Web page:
Five months ago, while she was on her way to the hospital with an ailing gallbladder, Diana Sparrow’s car hit a deer on a rural Pennsylvania road. When she awoke, she was minus her gallbladder, two working collarbones (and therefore two functioning arms), and her memory. During a recovery that would’ve been impossible without the constant ministrations of Harriett Richmond, the mother-in-law who’s the real reason Diana married her husband, Jonathan, Diana’s discovered that Jonathan has been cheating on her with her childhood friend Valerie Delagatti. Divorce is out of the question: Diana’s grown used to the pampered lifestyle the prenup she’d signed would snatch away from her. Every day is filled with torments. She slips and falls in a pool of wine on her kitchen floor she’s sure she didn’t spill herself. At the emergency room, her credit card and debit card are declined. She feels that she hates oppressively solicitous Harriett but has no idea why. Her sessions with her psychiatrist fail to heal her rage at her adoptive mother, an addict who abandoned her then returned only to disappear again and die an ugly death. Even worse, her attempts to recover her lost memory lead to an excruciatingly paced series of revelations. Val says Diana asked her to seduce Jonathan. Diana realizes that Cole, a fellow student in her watercolor class, isn’t the stranger she’d thought he was. Where can this maze of deceptions possibly end?

One of those rare thrillers whose answers are even more scarifying than its mysteries.

Pub Date: Nov. 10, 2020

ISBN: 978-1-64385-470-0

Page Count: 310

Publisher: Crooked Lane

Review Posted Online: Aug. 19, 2020

Kirkus Reviews Issue: Sept. 1, 2020

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Puns, humor, and onomatopoeia emphasize the value of trying.

THE KNIGHT WHO MIGHT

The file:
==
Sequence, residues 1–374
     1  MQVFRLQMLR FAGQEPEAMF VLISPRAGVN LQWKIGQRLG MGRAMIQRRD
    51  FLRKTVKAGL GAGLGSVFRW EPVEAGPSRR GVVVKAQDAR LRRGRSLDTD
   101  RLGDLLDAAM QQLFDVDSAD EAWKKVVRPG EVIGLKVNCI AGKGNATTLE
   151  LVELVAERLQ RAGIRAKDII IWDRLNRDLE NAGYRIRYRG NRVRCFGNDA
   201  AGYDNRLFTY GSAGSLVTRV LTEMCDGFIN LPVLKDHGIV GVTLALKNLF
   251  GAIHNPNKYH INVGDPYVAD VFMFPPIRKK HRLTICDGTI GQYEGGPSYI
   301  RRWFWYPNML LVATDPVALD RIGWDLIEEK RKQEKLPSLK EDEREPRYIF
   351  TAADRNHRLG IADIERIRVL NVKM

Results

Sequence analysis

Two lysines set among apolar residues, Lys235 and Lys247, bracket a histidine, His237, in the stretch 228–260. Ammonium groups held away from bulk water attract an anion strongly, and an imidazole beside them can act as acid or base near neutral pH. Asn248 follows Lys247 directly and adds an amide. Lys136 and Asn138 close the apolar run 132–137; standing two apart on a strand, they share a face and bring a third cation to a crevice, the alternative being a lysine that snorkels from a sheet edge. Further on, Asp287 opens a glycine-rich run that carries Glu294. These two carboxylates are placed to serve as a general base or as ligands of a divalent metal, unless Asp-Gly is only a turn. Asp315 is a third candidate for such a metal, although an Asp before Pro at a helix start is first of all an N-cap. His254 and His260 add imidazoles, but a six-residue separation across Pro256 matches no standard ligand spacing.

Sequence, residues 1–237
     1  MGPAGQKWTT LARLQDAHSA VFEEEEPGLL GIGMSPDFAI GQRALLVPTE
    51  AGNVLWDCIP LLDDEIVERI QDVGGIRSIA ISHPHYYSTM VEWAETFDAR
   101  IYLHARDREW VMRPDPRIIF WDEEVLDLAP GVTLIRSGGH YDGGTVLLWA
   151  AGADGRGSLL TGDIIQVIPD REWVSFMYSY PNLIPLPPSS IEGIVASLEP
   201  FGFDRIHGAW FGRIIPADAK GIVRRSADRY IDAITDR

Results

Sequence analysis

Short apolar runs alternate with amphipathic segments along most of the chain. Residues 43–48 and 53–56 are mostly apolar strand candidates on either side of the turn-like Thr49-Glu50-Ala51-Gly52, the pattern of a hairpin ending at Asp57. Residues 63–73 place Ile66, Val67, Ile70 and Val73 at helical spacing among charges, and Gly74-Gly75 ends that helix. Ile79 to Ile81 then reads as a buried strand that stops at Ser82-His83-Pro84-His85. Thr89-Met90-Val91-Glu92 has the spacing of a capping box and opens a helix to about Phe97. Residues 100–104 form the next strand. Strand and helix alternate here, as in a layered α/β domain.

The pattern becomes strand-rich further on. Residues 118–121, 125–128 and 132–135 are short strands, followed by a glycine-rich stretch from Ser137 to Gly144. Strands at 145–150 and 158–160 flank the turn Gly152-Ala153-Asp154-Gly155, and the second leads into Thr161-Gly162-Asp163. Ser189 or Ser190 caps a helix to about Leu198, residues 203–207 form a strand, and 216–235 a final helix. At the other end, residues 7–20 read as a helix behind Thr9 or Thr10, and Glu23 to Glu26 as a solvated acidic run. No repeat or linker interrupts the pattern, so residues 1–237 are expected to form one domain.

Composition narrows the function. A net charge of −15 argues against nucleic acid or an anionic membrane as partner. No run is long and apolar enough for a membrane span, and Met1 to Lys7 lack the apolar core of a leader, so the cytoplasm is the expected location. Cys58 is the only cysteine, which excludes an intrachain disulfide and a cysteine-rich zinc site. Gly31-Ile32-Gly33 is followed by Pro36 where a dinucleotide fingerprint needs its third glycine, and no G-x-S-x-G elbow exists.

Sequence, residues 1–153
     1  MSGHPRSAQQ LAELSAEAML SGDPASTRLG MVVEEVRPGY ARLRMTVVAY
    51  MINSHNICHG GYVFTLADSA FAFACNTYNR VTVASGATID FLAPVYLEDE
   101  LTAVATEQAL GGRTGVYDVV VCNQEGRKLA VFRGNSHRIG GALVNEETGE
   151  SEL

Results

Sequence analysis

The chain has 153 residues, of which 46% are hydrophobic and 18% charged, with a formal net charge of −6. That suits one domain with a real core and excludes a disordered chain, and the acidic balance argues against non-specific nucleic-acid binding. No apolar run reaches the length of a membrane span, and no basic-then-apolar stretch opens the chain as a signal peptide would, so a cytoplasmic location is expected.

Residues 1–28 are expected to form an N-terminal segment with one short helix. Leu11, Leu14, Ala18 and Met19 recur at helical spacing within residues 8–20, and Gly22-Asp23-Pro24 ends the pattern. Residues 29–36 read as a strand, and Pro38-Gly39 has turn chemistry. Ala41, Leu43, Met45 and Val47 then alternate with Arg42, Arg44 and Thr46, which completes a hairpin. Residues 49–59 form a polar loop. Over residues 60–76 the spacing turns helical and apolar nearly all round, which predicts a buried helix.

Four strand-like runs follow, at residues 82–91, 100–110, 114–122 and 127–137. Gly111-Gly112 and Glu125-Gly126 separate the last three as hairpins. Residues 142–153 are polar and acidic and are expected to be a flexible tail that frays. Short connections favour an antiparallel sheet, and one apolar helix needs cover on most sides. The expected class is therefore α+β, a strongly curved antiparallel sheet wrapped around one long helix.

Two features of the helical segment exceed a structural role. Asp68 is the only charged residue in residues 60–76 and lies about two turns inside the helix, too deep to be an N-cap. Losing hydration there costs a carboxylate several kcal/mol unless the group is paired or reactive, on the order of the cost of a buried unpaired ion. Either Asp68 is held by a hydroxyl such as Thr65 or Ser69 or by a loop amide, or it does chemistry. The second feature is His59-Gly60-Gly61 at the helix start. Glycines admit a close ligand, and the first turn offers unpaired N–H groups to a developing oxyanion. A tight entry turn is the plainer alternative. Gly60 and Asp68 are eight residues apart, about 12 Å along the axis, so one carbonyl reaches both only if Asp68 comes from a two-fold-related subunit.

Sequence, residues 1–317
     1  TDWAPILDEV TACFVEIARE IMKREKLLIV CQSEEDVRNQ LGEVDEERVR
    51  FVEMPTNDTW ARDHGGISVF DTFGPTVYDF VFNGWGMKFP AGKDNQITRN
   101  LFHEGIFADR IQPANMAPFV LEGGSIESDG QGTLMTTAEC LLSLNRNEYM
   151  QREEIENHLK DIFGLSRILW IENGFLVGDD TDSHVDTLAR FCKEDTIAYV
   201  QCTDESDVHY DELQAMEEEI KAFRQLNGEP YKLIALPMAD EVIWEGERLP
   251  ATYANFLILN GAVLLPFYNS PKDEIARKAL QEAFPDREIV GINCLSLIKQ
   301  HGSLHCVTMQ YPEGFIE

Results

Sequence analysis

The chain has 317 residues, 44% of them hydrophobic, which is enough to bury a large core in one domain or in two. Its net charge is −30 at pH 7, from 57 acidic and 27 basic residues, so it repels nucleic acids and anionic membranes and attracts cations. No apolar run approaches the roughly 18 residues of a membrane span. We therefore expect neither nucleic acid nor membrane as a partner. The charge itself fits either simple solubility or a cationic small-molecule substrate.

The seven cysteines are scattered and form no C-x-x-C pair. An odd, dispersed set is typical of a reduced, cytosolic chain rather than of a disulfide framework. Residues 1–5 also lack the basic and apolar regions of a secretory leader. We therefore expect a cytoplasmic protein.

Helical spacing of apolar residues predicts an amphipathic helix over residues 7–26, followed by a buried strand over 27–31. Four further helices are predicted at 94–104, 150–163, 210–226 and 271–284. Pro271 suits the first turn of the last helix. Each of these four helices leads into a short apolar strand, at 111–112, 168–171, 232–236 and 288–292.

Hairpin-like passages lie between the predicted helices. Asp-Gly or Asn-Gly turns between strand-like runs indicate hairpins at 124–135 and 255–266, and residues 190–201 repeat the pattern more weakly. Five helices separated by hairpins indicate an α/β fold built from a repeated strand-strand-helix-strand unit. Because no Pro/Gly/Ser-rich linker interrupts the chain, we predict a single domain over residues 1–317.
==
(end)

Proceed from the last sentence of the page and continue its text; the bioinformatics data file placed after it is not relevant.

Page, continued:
Move over Little Engine That Could and get ready to share the bookshelf with The Knight Who Might.

This knight’s mantra is: “One day, I might be a knight.” But in repeated refrains, his magic horse, sword, and helmet each proclaim, “You might not” after the knight falls off his horse with an “Oof,” gets his sword stuck in a tree, and falls into a mud puddle when he tries to put his helmet on. The horse, sword, and helmet even hide when the knight enters “ye olde tournament,” reasoning, “He can’t be a knight without us.” But when the ever positive knight journeys to the tournament alone, the three show concern. “ ‘He’ll be exhausted,’ said the horse. ‘He’ll be cut to pieces,’ said the sword. ‘He’ll lose his head,’ said the helmet.” And when the knight is scheduled to battle The Lord With the Scary Looking Sword, the three doubters come to the aid of the knight when he declares, “For the first time in my life, I’m The Knight Who Might Not.” Tension builds as the knight, now with his horse, helmet, and sword, gallops closer and closer to the scary-looking sword-wielding lord until…“DONK!” Beckett emphasizes the slapstick in his cartoons. The protagonist’s magic objects all have googly eyes and eyebrows, which is a little unsettling when the helmet is on the knight’s head but does add to the silliness.

Puns, humor, and onomatopoeia emphasize the value of trying. (Picture book. 4-7)

Pub Date: Oct. 6, 2020

ISBN: 978-1-84886-644-7

Page Count: 32

Publisher: Maverick Publishing

Review Posted Online: July 14, 2020

Kirkus Reviews Issue: Aug. 1, 2020